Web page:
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In an editorial published two days after the July 4 Independence Day holiday, we said changes in our city's fireworks ordinance were, based on what we saw and heard ourselves and heard from other city residents, warranted. We suggested the City Council significantly shorten the window of 10 days during which residents can shoot off fireworks for the July 4 observance.

So we support action taken by the council on Monday.

The council voted 5-0 on first reading in support of an amendment to the fireworks ordinance under which residents would be allowed to discharge fireworks only on July 3 and 4, as well as on New Year's Eve. Under the proposed ordinance change, residents could discharge fireworks on private property from 1 p.m. to 11 p.m. on both July 3 and 4 and from 1 p.m. on Dec. 31 to 12:30 a.m. on Jan. 1. The ordinance must pass two additional readings.

Along with the change to the ordinance, we support and urge the following with respect to local discharge of fireworks moving forward:

* Beefed-up enforcement of the fireworks ordinance by police. By beefed-up enforcement, we mean a no-tolerance policy toward fireworks offenders. In other words, no warnings. You violate the fireworks ordinance, you get a citation and fine. The police department should publicize its get-tougher approach prior to affected holidays. Sometimes, the simple act by law enforcement of telling the public it intends to crack down harder on something can have a positive impact.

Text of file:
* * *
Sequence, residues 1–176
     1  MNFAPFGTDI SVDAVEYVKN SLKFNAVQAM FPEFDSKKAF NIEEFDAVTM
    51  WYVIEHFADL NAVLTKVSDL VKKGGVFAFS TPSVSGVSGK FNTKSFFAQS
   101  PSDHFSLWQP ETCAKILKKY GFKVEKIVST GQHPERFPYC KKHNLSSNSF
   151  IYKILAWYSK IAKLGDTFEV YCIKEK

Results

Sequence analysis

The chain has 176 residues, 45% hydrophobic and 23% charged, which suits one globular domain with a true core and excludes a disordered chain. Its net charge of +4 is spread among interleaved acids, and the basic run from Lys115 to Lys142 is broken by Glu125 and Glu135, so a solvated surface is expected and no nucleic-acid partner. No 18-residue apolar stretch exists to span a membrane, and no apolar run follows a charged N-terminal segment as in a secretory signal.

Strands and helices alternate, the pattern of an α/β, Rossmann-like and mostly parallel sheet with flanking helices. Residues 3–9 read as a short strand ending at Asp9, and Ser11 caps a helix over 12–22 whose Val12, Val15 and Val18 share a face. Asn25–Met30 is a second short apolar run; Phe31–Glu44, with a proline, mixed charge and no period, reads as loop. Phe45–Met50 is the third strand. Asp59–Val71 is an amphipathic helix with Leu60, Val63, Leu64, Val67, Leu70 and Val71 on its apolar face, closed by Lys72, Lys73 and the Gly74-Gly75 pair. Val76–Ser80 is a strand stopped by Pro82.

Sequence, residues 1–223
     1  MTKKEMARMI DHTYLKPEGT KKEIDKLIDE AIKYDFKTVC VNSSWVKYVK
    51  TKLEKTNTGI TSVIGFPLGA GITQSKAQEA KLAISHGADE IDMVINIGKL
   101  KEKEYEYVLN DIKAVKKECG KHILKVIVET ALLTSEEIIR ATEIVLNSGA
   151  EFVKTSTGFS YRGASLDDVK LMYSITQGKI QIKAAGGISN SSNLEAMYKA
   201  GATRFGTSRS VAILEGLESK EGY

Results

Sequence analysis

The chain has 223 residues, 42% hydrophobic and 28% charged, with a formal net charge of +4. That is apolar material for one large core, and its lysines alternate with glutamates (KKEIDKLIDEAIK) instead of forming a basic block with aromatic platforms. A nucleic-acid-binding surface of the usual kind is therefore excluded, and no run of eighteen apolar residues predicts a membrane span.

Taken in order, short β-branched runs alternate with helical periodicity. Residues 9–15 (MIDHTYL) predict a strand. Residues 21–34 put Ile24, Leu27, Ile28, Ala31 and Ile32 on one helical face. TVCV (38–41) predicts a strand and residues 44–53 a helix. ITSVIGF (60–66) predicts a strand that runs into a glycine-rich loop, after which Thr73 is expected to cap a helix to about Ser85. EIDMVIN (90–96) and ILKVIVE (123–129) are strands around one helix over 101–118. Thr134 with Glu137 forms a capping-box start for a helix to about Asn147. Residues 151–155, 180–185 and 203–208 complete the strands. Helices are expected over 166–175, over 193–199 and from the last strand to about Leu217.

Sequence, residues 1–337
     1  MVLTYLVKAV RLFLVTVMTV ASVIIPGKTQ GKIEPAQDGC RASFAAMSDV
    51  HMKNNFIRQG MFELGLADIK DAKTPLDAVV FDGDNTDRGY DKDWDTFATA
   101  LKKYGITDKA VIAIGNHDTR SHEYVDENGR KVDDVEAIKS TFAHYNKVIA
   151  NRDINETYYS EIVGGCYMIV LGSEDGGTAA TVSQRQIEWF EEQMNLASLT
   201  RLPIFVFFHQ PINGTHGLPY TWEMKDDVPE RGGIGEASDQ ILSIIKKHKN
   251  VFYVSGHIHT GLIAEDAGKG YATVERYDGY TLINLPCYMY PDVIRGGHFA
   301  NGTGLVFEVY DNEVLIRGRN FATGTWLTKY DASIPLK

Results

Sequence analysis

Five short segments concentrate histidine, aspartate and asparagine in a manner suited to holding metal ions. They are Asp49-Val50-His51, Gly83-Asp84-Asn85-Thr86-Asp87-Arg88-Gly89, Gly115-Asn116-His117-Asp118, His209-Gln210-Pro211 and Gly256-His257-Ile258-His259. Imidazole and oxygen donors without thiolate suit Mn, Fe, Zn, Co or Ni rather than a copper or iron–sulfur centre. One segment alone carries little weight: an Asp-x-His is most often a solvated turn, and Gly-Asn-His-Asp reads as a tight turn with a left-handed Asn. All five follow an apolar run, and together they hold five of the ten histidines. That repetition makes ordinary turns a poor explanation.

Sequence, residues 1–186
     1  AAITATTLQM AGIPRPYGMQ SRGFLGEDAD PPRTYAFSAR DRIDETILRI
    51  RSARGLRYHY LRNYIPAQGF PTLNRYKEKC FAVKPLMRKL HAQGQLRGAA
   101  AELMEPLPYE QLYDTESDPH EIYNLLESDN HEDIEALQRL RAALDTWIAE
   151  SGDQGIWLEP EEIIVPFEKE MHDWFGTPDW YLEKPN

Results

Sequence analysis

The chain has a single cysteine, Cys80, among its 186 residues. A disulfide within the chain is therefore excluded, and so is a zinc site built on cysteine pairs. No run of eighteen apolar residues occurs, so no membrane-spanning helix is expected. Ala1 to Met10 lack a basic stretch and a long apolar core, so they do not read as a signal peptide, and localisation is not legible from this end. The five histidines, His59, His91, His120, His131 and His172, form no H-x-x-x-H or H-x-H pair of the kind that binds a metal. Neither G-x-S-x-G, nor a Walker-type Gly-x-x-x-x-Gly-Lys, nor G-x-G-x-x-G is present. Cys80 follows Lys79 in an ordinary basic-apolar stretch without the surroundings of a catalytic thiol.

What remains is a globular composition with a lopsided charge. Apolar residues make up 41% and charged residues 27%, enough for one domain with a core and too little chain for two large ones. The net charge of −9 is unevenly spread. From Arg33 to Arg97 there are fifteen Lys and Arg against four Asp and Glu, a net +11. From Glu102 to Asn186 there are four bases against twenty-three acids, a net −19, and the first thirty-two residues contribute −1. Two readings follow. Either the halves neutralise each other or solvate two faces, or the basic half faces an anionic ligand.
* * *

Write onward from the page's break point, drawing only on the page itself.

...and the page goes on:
* Embrace of greater personal responsibility by individual citizens. That includes communicating with and extending courtesy to neighbors, practicing safety, not discharging fireworks on public property, only discharging fireworks during the time frame allowed by the local ordinance and cleaning up. No one possesses a constitutional right to shoot off fireworks. It's a privilege city leaders can rescind. In fact, the cities of Des Moines, Cedar Rapids, Davenport and Iowa City ban fireworks discharge.

As we have said before in this space, our view of legalized fireworks is mixed. We understand both sides of this discussion.

We acknowledge majority support for legalized fireworks among Iowans and appreciate the economic benefits of capturing part of a business Iowa loses to border states (including Nebraska and South Dakota) each year, but we sympathize with residents who want their neighborhoods free of them.

As a community, we should strive to strike a proper balance between supporters and opponents of fireworks. In our view, this proposed ordinance amendment is a positive step in that direction.


Opinion editor

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